A little over a year ago, I bought a car for the first time since high school. My wife and I were expecting our first child and felt it was finally a necessity.
I didn’t want to spend the money for a new car, but didn’t really know where to look for used cars without going to a dealer (which I didn’t want to do). I looked on eBay Motors, Autotrader and Craigslist but didn’t feel comfortable with any of them. And then I lucked out: A relative was selling a little-used, safe, family-friendly car that fit into our budget. I jumped on it, and the car-buying process from that point onward became relatively easy.
When I mentioned this experience to Alejandro Resnik, CEO of a new car-shopping marketplace called Beepi, I could hear him smiling through the phone. He said that’s what he and his employees say about their new company: They want to make the process as easy as buying from, or selling to, a family member.
Today, the Los Altos, Calif.-based startup announced a $5 million Series A investment, led by Redpoint Ventures, to help bring that process to the general public.
Here’s how Beepi works. Car sellers go to Beepi.com and enter in the basics about their car — make, model, mileage, etc. — and Beepi gives the seller a quote that the company says will always be $1000 higher than a dealer will pay.
If the seller agrees to the initial quote, Beepi will schedule a time to send an inspector to meet the seller to take a look at the car. Yes, the startup employs its own full-time inspectors.
If the car passes the inspection, it gets listed on the Beepi marketplace with either the initial quoted selling price or a price that could be a little higher or lower depending on whether it has, say, a great sound system that wasn’t initially noted or, on the other hand, needs new tires. (If it doesn’t pass the inspection, it doesn’t get listed.)
The listing includes a bunch of photos taken by the inspector, a pretty detailed inspection report, information on dents and dimples, and a score based on its accident record. Click here to see a real Beepi listing. There’s a lot of information there.
And Beepi thinks that should be just about all the information necessary to make a buying decision. As a result, there’s no negotiation on price. There are also no traditional test drives. Instead, Beepi lets the car shopper directly contact the inspector with questions. It also gives buyers a 10-day, 1,000-mile return period — what it calls an “extended test drive” — and a 30-day, 3,000-mile service and parts warranty.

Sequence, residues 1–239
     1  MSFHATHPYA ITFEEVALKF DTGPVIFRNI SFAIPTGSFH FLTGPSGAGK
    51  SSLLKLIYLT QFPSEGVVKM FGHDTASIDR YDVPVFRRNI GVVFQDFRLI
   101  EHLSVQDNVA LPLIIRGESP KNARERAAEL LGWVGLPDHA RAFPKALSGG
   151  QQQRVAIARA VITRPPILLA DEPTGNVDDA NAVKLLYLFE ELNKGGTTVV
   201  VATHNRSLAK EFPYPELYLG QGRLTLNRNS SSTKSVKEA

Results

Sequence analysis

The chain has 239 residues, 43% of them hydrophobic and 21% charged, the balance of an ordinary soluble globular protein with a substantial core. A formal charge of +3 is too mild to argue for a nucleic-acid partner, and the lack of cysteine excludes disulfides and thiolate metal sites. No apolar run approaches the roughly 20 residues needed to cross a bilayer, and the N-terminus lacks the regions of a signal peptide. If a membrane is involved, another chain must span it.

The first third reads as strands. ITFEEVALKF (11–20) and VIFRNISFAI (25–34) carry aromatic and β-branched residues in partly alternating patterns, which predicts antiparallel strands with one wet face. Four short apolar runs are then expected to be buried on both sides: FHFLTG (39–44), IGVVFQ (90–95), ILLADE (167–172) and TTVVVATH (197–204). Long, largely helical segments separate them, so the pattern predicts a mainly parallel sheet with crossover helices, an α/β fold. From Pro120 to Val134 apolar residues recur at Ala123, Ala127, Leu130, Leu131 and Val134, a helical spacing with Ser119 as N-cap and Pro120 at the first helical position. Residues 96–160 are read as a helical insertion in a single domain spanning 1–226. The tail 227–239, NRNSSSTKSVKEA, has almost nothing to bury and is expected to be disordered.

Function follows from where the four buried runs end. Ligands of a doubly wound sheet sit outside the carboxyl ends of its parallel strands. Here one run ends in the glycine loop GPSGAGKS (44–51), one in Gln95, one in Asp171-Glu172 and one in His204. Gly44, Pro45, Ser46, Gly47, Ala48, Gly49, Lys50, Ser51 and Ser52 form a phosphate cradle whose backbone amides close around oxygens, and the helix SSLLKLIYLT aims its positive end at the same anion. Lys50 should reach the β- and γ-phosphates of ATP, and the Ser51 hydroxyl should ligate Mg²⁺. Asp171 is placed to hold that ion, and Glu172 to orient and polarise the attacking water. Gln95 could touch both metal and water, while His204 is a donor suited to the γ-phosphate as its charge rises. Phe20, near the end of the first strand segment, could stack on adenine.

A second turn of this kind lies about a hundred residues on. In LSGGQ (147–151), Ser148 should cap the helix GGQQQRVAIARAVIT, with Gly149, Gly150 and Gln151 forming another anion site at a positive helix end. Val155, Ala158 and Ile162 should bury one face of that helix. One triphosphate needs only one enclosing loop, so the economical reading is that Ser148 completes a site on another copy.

“If only two-thirds of the cars we deliver are not returned, Beepi will still make a lot of sense economically,” Resnik said.
Still, I imagine there’s a large subset of car seekers who would never buy a used car without a traditional test drive, which could end up being a huge hurdle. Beepi is betting — literally — that there are enough buyers who will make such a huge purchase sight unseen; if it doesn’t sell a car in 30 days, Beepi is guaranteeing sellers that it will buy it for the listed price itself. Then, it will re-list the car on the site.
Upon sale, Beepi picks up the car from the seller, washes and details it and delivers it to the buyer, wrapped in a bow and all. Nice touch. Beepi takes a nine percent cut of each sale.
In addition to the no-test-drive rule, the company faces some other challenges. Though it’s an online-first company, the employment of its own team of inspectors could slow down expansion — the company is initially serving only the San Francisco Bay area. That said, the inspector feature is certainly a differentiator, even if it’s a necessity due to the lack of test drives.
And, at a very basic level, building up demand on both ends of a marketplace is not easy. The company’s initial outreach has involved contacting car sellers on Craigslist. It says it hasn’t, and won’t, work with dealers. Over time, Resnik says he is counting on many Beepi sellers to also become Beepi buyers and vice versa. We’ll see.
Despite the question marks, Beepi looks to be taking a unique approach to what can be a miserable experience. If I could go back a year, and was living around San Francisco, I would probably give it a try.
This article originally appeared on Recode.net.